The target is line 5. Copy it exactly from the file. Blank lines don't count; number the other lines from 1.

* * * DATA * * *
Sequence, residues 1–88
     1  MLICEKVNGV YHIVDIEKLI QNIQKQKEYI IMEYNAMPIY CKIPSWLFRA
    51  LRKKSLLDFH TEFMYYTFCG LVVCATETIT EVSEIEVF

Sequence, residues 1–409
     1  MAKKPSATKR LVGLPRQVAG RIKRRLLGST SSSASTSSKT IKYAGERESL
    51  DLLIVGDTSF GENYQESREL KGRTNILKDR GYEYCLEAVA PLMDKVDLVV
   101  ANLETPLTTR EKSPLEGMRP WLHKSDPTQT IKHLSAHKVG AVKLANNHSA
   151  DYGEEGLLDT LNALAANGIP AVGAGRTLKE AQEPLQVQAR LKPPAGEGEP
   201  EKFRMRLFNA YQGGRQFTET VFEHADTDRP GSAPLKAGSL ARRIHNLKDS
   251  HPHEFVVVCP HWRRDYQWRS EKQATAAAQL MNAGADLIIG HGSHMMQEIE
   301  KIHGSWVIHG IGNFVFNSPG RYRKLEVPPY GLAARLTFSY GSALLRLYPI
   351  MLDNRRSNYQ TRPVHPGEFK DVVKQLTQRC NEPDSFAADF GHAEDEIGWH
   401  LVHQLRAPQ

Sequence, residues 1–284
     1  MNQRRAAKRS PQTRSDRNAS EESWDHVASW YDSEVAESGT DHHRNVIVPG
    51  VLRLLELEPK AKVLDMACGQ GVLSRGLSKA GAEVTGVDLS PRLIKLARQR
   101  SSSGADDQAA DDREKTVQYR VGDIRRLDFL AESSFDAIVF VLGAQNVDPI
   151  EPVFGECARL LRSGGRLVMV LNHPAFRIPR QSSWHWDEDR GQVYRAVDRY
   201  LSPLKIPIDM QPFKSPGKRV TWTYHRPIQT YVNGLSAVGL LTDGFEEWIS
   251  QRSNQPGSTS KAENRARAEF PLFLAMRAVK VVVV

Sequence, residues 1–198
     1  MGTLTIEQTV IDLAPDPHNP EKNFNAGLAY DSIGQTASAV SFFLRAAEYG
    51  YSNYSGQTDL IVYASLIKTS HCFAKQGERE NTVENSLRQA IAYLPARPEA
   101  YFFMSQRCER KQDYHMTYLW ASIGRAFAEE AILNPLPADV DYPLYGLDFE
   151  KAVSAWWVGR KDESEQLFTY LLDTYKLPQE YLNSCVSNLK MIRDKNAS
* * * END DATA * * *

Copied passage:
     1  MAKKPSATKR LVGLPRQVAG RIKRRLLGST SSSASTSSKT IKYAGERESL